Swift & Company, now owned by JBS, didn’t return a call for this story. Thanks to a coordinated effort from the Grand Island school district, family and community groups, immigrant children—most of whom were U.S. citizens—were taken care of during the raid’s turbulent aftermath. But according to a report by the National Council of La Raza and the Urban Institute, some immigrants left the country without getting to contact a lawyer or even their families.

Darcy Tromanhauser, director of the Immigrants and Communities Program for Nebraska Appleseed, called it an “Alice in Wonderland” situation, “where you have someone who is part of the community and a family and an employee, but people have to live with the uncertainty that one day they might disappear, so you lose your husband or wife or mom or dad,” Tromanhauser said.

In the past couple years, a little more than one percent of the total removals per year have come from Nebraska, Iowa, North Dakota and South Dakota and Minnesota. According to ICE, nearly 80 percent of the individuals deported from that area so far this year have had prior criminal convictions.

According to 2011 estimates from the Pew Hispanic Center, there are some 11.5 million unauthorized immigrants living in the U.S. About two-thirds of them comprise about 5 percent of the total U.S. work force—even though it’s illegal for an employer to knowingly hire an unauthorized resident.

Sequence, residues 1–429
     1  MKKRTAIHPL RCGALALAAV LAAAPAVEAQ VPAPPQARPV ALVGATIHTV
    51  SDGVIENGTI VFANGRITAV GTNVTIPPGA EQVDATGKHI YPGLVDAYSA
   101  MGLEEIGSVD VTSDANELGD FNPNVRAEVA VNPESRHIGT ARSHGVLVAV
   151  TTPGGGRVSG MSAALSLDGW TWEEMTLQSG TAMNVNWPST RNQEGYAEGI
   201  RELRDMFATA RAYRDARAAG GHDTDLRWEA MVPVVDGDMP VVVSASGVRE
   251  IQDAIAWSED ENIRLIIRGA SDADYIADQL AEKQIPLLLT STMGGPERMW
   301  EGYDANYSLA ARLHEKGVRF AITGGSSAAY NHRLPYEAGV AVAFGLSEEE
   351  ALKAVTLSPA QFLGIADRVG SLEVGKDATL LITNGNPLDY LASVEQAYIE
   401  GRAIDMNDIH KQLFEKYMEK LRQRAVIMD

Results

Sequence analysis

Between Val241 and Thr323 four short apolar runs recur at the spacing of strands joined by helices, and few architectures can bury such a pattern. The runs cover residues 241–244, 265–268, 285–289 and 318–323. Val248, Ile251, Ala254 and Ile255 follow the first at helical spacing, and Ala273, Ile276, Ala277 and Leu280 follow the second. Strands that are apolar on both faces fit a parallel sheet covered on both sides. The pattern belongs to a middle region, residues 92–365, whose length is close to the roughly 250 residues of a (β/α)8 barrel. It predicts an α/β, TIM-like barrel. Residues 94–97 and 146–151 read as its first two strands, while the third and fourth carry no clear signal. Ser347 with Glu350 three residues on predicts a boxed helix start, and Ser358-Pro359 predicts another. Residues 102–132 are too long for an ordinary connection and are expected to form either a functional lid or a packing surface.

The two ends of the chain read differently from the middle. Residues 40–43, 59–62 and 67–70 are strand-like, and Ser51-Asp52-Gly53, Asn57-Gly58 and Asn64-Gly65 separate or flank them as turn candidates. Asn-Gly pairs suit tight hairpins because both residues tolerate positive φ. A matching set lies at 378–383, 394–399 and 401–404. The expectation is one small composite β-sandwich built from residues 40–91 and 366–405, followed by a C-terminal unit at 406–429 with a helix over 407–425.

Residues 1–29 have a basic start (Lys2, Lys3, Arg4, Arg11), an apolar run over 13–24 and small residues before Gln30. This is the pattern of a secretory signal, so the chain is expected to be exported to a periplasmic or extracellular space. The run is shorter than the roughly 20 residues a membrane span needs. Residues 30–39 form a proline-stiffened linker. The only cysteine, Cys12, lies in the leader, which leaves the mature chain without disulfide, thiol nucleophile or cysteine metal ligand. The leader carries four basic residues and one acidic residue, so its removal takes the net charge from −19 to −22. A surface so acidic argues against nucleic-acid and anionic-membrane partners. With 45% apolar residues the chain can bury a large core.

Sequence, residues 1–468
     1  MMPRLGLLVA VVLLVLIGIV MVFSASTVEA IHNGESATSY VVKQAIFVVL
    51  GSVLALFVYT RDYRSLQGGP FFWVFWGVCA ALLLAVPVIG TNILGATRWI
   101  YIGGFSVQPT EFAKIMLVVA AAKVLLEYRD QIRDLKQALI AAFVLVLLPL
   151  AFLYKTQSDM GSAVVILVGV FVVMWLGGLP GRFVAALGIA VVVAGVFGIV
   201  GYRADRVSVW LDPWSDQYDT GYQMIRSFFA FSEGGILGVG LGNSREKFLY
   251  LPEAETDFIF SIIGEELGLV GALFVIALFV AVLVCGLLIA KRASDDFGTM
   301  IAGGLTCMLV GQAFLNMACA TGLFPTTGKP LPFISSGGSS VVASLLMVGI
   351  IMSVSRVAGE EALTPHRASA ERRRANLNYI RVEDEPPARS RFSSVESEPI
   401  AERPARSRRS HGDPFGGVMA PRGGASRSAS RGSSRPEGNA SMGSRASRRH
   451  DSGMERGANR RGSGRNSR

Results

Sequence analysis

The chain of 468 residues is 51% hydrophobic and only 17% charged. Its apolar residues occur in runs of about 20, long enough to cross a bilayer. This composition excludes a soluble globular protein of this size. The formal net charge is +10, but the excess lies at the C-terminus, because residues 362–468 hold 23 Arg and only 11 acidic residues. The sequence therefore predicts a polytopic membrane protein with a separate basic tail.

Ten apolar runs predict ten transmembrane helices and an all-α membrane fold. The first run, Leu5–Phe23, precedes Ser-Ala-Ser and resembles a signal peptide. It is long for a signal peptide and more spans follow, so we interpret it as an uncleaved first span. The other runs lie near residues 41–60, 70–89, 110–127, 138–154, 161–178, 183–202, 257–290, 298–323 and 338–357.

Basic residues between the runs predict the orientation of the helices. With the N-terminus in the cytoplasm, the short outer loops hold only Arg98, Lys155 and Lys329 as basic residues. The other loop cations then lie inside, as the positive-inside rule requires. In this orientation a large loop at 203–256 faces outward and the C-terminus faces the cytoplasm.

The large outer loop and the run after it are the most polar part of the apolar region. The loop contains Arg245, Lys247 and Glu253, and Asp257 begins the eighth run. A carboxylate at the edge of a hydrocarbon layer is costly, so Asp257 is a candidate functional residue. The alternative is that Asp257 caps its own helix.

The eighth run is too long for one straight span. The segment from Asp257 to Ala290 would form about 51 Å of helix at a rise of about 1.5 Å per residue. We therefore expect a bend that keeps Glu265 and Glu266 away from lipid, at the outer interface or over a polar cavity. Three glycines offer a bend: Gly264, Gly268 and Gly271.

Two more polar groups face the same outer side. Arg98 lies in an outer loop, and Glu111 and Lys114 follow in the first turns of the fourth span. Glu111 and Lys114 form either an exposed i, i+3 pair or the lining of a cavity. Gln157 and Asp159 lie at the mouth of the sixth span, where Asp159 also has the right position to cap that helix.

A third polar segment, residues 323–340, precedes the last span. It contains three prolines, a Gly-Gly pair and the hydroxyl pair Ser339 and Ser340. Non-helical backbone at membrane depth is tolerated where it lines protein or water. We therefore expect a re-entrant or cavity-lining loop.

After the creation of U.S. Immigrations and Customs Enforcement, or ICE, in 2003, the number of worksite arrests increased more than tenfold during the next five years. But in 2009, policy changed, along with the administration, Tromanhauser said.

“Deportations happen in a different way now, so it’s not the single day, large worksite enforcement. But deportations are at an all-time high under this administration,” Tromanhauser said.

According to ICE's removal statistics, in 2012, the agency removed 409,849 individuals. 96 percent of these removals fell into one of ICE's enforcement priorities, a record high.

Overall deportations have risen steadily in the past decade, up to more than 400,000 last year. According to ICE, the agency changed their worksite immigration enforcement strategy in 2009, moving away from large-scale arrests of employees and instead focusing on the employers. Those methods include increasing audits of employers’ records, fines, and immigration verification programs like E-Verify. A new nationwide program called Secure Communities checks the fingerprints of those arrested against national immigration and criminal databases.